30th Oral Rabies Vaccination Air-Drop Program Launches in South Texas
January 2024 marks the 30th anniversary of the Oral Rabies Vaccination Program (ORVP) in South Texas, which has successfully controlled and prevented domestic dog / coyote variant rabies and gray fox variant rabies infections among wildlife, livestock, and people.
No human rabies cases have been attributable to any of these variants in Texas since the ORVP began.
Texas Department of State Health Services’ airdrop flights launched on January 9, 2024, from Edinburg in Hidalgo County, distributing rabies vaccine baits over 18 border counties.
This year’s ORVP is expected to last two weeks, with additional flights launching from Del Rio and Alpine, Texas. Four aircraft and one helicopter will be deployed for the drop, with 8-16 flights likely per day at 500 to 1,000 feet above the ground.
Vaccine baits are dropped at half-mile intervals, and more than 820,000 oral vaccine rabies baits will be dropped at 64-70 baits per square mile.
The bait, which resembles a fast-food ketchup package, includes a vaccine wrapped in a plastic packet dipped in fish oil and coated with fish-meal crumbles to attract target wildlife.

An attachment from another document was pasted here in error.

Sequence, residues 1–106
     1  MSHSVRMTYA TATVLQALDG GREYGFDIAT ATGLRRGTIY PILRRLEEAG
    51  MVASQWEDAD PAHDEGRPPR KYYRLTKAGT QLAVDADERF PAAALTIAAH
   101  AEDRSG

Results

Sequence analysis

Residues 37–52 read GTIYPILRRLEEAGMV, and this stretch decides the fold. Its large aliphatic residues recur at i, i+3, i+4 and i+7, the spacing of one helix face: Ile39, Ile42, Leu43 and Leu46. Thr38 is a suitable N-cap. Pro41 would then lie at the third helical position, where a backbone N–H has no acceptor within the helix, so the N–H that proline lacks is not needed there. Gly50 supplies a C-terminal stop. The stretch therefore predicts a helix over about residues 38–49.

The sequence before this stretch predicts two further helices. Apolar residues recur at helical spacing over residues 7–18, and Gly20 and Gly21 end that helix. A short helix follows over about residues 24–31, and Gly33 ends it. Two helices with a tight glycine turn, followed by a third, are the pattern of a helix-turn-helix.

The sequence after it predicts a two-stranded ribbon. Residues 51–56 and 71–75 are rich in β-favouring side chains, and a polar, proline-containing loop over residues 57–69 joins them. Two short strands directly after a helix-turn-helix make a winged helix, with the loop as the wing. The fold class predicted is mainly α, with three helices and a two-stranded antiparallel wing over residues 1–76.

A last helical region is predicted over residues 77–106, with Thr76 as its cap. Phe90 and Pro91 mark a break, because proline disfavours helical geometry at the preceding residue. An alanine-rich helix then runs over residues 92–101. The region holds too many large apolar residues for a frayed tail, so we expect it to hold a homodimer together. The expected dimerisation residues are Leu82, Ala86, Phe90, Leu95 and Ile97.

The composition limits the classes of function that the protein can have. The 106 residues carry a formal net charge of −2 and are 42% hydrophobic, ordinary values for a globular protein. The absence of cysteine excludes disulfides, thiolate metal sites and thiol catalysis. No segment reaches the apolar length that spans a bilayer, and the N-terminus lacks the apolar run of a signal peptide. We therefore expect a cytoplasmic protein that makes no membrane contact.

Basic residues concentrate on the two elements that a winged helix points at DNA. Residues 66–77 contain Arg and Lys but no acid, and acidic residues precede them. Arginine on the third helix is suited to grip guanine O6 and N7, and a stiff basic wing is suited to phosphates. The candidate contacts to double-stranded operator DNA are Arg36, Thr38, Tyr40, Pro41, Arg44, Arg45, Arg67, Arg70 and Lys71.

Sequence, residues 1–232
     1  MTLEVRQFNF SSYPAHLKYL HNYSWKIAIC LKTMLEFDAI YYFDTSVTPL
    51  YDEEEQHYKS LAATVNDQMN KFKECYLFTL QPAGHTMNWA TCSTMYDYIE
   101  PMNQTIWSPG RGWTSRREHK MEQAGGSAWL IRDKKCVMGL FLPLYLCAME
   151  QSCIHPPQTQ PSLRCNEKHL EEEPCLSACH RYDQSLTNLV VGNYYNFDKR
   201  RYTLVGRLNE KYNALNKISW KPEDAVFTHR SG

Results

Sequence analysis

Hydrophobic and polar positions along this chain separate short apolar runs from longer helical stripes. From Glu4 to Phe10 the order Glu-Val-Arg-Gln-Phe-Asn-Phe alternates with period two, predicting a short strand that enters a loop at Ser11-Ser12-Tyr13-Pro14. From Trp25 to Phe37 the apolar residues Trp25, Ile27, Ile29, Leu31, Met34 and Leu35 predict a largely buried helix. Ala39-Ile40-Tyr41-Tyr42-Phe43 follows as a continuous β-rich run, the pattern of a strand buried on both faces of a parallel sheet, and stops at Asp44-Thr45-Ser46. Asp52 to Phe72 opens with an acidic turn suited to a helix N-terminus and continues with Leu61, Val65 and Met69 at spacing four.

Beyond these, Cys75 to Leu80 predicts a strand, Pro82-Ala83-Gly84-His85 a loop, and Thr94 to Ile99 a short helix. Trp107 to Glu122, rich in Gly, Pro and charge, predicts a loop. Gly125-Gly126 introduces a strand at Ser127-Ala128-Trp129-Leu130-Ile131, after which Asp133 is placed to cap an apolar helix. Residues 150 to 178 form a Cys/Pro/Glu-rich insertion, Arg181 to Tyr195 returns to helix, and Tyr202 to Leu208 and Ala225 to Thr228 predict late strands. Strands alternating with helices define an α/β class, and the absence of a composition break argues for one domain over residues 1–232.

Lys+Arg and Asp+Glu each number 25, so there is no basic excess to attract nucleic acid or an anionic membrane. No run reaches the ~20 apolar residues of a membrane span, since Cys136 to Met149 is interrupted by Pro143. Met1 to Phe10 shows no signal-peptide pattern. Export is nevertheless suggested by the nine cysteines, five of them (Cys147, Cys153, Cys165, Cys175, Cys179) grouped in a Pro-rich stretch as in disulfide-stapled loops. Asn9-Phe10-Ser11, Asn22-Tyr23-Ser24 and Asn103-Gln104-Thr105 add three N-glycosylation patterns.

The vaccine has been proven safe for more than 60 species of mammals and birds. The vaccine will not hurt pets or livestock if they consume one of the vaccine baits.
“Our goal is to vaccinate coyotes and gray foxes along the border to maintain herd immunity against rabies and keep new or previously eliminated rabies variants from becoming established in Texas,” commented Kathy Parker, ORVP project director, in a press release.
Before the ORVP, there had been human deaths in Texas due to canine rabies, and many people in the epizootic area had to receive postexposure rabies treatment.
Anyone finding one of the vaccine baits is encouraged to leave it alone, as wildlife can smell the human scent. People should wash their hands with soap and water if they have skin contact with the liquid portion (vaccine).
If you have an immunocompromising health condition, please inform your family physician immediately about your contact with a live vaccine. Contact with a vaccine bait should also be reported to the Zoonosis Control Branch by calling 1-877-722-6725.
The program costs approximately $2 million and is funded by the State of Texas and the U.S. Department of Agriculture.
As of January 10, 2024, various rabies vaccines are available for people in Texas.